The ecological transformation extends far beyond Yeoju. Launched last November, the government's Four Major Rivers Restoration Project calls for building 16 dams, dredging 570 million cubic meters of sand and gravel to deepen nearly 700 kilometers of riverbed, renovating two estuarine barrages, and constructing bike trails, athletic fields, and parks along the waterways. At $19 billion, it is one of the costliest engineering projects in the country's history. And it is attracting fiery opposition, notably from the Professors' Organization for Movement Against Grand Korean Canal (POMAC), a group of 2800 academics who accuse the government and supporters of twisting data and ignoring expert panel recommendations on issues such as water quality, flood control, rainfall patterns, and environmental impacts to justify a massive construction boondoggle. Both sides agree on one point: The project will dramatically transform the Han, Nakdong, Geum, and Yeongsan rivers. Four Rivers “will be an ecological disaster,” Jeung charged at a hearing in Seoul Administrative Court last month on an injunction to halt work on the South Han River. “[It] will be very beneficial for the environment,” countered Jae Park, an environmental engineer at the University of Wisconsin, Madison, and a rare academic who openly supports the government position. On 12 March, the court rejected the request for an injunction, but a suit to cancel the project is moving forward. Legal actions on the other rivers are pending. Winning even one of the suits “would be a major event in the history of the environmental movement in Korea,” says Lee Sang-don, a lawyer at Chung-Ang University in Seoul. ## Landscape architects Four Rivers is a pet project of South Korean President Lee Myung-bak, a former construction company executive nicknamed “the bulldozer” for his “can do” approach to engineering projects. One of Lee's signature accomplishments in his previous role as mayor of Seoul was to demolish an elevated highway to revitalize the Cheonggyecheon River. The river is far from natural: Water is pumped in from the Han, and it flows through a concrete channel. But its walkways, landscaping, fountains, and illumination provide an oasis in what had been a grimy industrial area. When completed in September 2005, the “restored” Cheonggyecheon was a huge hit with the public—and helped Lee win the 2007 presidential election. One of Lee's campaign pledges was to create a Pan Korea Grand Waterway by damming, dredging, straightening, and widening the Han and Nakdong rivers and connecting them by a canal carved through the peninsula's central mountains. Barges, he said, would be able to move 540 kilometers between Seoul, in the country's northwest corner, and Busan in the southeast. Lee promised that the waterway would take heavy trucks off roads, draw tourists to artificial lakes, and reinvigorate rural communities. Private investment and sales of dredged materials were supposed to cover the project's cost. Even before Lee took office on 25 February 2008, academics had challenged the data his team put forward to support the Grand Waterway. “It was truth versus falsehoods,” says Choe Young Chan, an agricultural economist at Seoul National University. Opposition mounted, and on 25 March, 2400 scientists, engineers, economists, and lawyers from the country's universities converged on Seoul for the inaugural meeting of POMAC. Using members' contributed expertise, the association pegged the project at double the cost that Lee estimated and found that sales of dredged materials would hardly make a dent in the cost. POMAC asserted that little freight moves between Seoul and Busan, and a survey of shippers turned up scant demand for a canal. The academics also questioned the project's claimed benefits for drinking-water supplies, rural economies, and the environment. Opponents got an unexpected boost a few weeks later when Lee announced that he would reopen South Korea's market to U.S. beef imports, which had been banned during a mad cow disease scare. That spring, farmer and consumer groups held candlelight protest vigils in major cities. Their ire expanded to encompass other unpopular policies, including the Grand Waterway. On 19 June, Lee announced he was abandoning the canal plan. Six months later, in December 2008, Lee unveiled a new scheme: Four Major Rivers. The “multipurpose project” will control flooding, secure water supplies, and create lakes for water sports as well as riverside parks for 1700 kilometers of bike trails and recreational facilities, says Je Hae-Chi of the Four Rivers project office. The government estimates Four Rivers will generate 340,000 jobs and$35 billion in long-term economic benefits. After a 3-month environmental assessment last summer, Lee's Grand National Party, which holds a majority in the National Assembly, pushed through enabling legislation. Lee wants the job finished before his 5-year term ends in early 2013.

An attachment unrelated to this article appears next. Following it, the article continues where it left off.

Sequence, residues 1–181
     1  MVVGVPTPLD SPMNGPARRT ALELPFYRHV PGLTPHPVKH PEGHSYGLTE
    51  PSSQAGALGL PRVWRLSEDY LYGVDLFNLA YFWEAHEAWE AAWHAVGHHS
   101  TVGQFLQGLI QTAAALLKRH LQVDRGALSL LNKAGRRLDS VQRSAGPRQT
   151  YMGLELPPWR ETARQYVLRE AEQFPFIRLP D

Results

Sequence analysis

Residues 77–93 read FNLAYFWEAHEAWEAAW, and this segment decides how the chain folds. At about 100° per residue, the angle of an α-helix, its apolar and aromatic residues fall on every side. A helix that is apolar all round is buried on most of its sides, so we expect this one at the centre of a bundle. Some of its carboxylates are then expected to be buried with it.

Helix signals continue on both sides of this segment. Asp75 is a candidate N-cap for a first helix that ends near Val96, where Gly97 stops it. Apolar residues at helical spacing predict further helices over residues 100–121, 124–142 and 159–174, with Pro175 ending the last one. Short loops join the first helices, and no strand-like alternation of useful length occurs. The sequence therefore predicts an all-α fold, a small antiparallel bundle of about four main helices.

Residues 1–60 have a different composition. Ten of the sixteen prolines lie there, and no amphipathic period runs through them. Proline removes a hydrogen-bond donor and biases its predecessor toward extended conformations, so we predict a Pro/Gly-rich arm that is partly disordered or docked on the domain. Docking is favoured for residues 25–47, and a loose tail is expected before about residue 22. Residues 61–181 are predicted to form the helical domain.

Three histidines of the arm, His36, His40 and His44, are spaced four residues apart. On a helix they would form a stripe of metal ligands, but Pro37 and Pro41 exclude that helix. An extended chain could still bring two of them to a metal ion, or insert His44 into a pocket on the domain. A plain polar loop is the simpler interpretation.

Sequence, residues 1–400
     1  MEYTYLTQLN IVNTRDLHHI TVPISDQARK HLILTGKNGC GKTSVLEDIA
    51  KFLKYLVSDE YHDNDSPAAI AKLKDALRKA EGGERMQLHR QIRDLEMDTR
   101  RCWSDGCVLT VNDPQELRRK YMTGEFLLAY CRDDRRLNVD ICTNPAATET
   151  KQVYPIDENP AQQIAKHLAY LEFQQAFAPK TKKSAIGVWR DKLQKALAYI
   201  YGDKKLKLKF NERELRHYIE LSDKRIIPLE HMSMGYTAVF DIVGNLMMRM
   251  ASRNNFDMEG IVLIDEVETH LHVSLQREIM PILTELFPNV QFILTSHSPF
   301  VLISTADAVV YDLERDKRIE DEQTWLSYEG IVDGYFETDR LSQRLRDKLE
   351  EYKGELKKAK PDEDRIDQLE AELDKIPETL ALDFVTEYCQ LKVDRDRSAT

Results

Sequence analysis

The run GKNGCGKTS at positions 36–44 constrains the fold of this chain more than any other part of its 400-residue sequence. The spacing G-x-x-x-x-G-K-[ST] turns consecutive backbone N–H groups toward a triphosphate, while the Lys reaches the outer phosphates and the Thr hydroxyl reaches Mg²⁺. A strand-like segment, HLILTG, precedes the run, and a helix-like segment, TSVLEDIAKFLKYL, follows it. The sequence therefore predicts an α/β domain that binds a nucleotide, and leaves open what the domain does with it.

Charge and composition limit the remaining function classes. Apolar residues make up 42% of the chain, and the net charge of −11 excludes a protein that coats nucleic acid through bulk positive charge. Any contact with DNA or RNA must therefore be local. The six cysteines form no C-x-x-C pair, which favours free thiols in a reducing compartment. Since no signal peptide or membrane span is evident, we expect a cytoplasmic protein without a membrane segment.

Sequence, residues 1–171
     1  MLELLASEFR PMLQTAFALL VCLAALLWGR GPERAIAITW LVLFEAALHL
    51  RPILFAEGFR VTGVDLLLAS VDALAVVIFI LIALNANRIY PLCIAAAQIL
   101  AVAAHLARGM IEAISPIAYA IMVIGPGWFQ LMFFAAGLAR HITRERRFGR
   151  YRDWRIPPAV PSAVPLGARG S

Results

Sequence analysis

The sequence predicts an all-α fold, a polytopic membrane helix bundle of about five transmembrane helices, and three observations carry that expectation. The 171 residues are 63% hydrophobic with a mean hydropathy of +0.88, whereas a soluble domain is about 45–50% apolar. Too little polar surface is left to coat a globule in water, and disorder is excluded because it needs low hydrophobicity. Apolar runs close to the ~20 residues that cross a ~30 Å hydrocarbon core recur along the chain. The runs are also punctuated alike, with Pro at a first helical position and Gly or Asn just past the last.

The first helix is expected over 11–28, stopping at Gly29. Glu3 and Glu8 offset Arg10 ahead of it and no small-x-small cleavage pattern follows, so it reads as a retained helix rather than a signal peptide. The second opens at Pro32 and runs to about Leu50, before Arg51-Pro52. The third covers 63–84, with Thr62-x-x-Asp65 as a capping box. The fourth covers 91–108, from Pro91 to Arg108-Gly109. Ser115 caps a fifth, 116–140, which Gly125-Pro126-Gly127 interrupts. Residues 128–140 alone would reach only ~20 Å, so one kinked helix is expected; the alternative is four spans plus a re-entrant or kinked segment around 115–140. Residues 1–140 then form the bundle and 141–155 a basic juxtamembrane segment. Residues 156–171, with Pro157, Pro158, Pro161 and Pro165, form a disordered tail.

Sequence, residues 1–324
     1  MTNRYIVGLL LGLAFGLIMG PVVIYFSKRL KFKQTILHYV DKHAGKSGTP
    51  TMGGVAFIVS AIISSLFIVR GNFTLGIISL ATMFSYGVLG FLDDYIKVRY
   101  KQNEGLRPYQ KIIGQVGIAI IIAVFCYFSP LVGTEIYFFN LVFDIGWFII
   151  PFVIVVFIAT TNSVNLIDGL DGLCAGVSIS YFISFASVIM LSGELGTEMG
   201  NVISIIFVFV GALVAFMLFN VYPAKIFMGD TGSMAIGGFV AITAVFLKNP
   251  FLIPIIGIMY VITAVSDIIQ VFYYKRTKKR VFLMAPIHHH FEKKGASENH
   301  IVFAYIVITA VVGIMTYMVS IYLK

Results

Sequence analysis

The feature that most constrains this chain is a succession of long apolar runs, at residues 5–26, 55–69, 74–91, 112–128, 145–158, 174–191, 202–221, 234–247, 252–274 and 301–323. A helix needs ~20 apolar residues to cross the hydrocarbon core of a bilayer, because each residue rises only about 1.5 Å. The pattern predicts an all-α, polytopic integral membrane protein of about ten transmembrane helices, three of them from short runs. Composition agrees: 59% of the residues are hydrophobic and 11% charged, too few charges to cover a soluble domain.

Backers see the project as fixing a natural imbalance. The peninsula's seasonally shallow rivers and wide floodplains are a consequence of mountainous geography and weather patterns that bring two-thirds of annual precipitation during the summer. As a result, during winter, low water flows expose extensive gravel bars in riverbeds—“evidence of a water deficiency,” Je says. Dams will relieve flooding and water shortages, he says, by capturing water during the rainy season for release during dry months.